Artist Walter DuBois Richards’ shrunken head masterpiece for Men magazine


Headhunters and shrunken heads were popular topics in men’s adventure magazines of the 1950s and 1960s.

In a recent post, I featured a wild “head on a stick” headhunter cover, from a 1958 issue of For Men Only magazine.

Today’s post features a shrunken head cover, with a painting done by a great artist.

It’s on the December 1957 issue of Men magazine, published by Zenith Publishing Corp., another publishing entity owned by the legendary founder of Magazine Management and Marvel Comics, Martin Goodman.

And, yes, I really do mean this shrunken head cover art was done by a great artist.

He’s credited as Wally Richards in the magazine. His full name is Walter DuBois Richards and he was a highly talented and respected American artist who died in 2006 at the age of 99.

As a young man, Richards studied at both the Cleveland School Art and the Art Institute of Chicago. By the 1930s, his prints and watercolors were being shown in many fine galleries and museums around the country.

He was a prominent member of the Cleveland Print Makers Print-A-Month-Club, an organization that was dedicated to keeping the market for fine art prints alive during the Great Depression. (Hence helping artists stay alive.)

From the mid-1930s on, Richards provided illustrations for ads, as well as cover paintings and interior art for a long list of magazines, including Life, Look, Colliers, Argosy, Readers Digest, Outdoor Life ­­­­— and many men’s adventure magazines.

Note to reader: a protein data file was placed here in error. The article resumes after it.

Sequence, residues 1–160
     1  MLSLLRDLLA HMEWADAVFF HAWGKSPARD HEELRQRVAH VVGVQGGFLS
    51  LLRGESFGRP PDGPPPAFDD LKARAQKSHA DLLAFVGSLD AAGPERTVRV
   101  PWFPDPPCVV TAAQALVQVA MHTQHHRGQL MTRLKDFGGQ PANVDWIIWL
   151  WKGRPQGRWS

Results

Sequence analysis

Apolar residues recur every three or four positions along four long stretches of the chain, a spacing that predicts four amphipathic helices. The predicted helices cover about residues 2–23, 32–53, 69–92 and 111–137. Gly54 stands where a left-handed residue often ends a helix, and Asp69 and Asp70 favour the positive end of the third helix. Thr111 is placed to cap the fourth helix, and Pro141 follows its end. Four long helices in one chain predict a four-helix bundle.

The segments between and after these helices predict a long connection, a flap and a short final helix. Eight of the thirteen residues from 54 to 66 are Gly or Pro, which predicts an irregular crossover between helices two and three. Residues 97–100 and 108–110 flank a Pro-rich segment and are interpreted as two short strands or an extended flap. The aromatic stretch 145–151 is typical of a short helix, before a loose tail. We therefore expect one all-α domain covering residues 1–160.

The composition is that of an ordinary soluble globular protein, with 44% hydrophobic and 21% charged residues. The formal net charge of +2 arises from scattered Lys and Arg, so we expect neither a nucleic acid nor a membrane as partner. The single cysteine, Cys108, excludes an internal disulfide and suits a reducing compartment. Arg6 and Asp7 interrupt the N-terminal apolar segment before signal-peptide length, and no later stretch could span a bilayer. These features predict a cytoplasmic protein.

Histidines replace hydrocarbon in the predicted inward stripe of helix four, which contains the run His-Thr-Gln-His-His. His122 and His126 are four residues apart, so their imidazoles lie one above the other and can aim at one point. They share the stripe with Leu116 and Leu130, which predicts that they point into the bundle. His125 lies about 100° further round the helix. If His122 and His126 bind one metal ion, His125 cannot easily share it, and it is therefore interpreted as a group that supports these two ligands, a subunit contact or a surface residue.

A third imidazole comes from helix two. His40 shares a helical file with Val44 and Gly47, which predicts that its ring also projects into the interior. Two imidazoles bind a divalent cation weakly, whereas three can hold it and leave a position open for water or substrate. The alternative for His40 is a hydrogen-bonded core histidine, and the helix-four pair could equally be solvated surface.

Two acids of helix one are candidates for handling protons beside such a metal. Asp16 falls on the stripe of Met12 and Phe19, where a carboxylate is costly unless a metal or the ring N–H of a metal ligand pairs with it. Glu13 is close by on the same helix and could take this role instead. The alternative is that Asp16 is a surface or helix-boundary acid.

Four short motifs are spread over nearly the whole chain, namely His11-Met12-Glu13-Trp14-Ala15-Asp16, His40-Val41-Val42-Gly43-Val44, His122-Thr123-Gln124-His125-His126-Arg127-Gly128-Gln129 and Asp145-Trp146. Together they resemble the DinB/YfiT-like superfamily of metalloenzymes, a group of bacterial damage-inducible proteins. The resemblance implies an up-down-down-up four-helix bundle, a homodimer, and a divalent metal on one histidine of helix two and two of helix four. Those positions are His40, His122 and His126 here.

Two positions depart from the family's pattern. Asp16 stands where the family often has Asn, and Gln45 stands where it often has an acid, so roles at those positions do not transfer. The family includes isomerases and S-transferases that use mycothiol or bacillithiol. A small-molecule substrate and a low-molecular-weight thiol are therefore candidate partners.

Richards was a co-founder of the Fairfield Watercolor Group. In the 1950s, he became the official painter for the U.S. Air Force. He also created the artwork used for 37 stamps issued by the U.S. Postal Service. One of the most popular is the stamp showing Frank Lloyd Wright’s “Fallingwater” house in Mill Run, Pennsylvania, issued as part of the series commemorating great architecture.

When I showed my wife my copy of the December 1957 issue of Men magazine and told her the shrunken head cover painting was done by a great artist, she gave me the usual look she gives me whenever I show her one of my men’s mag treasures. In words, the look would be translated as: “Sure, honey, whatever. Enjoy your little hobby collecting those weird old magazines, but don’t expect me to appreciate that bizarre stuff.”

Walter DuBois Richards was married to Glenora Case Richards. Glenora, who died in 2009, was herself a famous artist, known for her “miniaturist” paintings, stamp designs and portraits.

I wonder what look Glenora gave Walter when he showed her the shrunken head painting he did for Men magazine.